Then there is the possibility that the question was really addressing how we know what is moral, what is right or wrong? This would touch upon the issue of Revelation versus Reason. While a belief in God does not necessarily mean that a person also believes that God communicated with humanity and presented us with the basic principles of morality (i.e. Revelation), one who does not believe in God clearly also does not believe in this communication.

So a further aspect of the question may have been whether one believes in a revelation of some nature or not. How many of those who maintained that a belief in God was essential to morality, would tell you they further believe that this morality was communicated through a revelation -- and that this is the only sure way of defining what is moral? And how many of those who maintained that such a belief was not essential to being moral did so based on a rejection of revelation? Different ways of understanding the question -- so what were the people really relaying with their answers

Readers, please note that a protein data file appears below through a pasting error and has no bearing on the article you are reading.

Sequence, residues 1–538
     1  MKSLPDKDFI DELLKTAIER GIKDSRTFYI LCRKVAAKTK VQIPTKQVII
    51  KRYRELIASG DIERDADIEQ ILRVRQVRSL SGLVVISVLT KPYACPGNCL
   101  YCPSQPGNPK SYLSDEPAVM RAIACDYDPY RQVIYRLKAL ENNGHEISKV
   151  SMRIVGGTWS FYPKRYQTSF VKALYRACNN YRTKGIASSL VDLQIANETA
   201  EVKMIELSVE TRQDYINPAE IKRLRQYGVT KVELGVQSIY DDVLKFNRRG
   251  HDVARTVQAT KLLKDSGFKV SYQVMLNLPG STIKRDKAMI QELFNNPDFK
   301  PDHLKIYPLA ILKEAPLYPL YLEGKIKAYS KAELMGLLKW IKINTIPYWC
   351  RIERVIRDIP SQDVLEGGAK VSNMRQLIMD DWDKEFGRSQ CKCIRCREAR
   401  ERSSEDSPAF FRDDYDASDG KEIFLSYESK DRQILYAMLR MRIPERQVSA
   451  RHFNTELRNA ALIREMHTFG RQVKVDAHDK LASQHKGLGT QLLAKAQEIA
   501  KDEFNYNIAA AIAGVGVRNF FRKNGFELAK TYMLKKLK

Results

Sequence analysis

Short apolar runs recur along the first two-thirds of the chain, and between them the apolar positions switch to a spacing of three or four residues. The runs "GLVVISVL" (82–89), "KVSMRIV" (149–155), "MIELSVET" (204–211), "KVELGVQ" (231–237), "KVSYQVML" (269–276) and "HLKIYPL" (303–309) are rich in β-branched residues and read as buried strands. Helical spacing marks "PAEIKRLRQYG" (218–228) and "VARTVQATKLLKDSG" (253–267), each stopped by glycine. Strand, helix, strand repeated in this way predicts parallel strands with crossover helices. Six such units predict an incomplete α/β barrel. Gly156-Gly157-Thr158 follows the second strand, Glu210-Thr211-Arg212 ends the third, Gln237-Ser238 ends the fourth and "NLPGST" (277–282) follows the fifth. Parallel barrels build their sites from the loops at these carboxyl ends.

What do people really mean by God? What do people really mean by morality? What do people really believe about the connection? This report raises more questions than it answers. It tells us what many people said, but not really what they meant. The further problem, however, is that in the discussion around this report, many are acting as if they do know exactly what is meant. In doing this, they are choosing to perceive their understandings of the matter as the only understanding -- thereby further missing the complexity of the issue.

To really benefit from this report, we must go beyond the simple answers. The issue is not simply whether belief in God is necessary to be moral. The greater issue is why people believe that it is or it is not.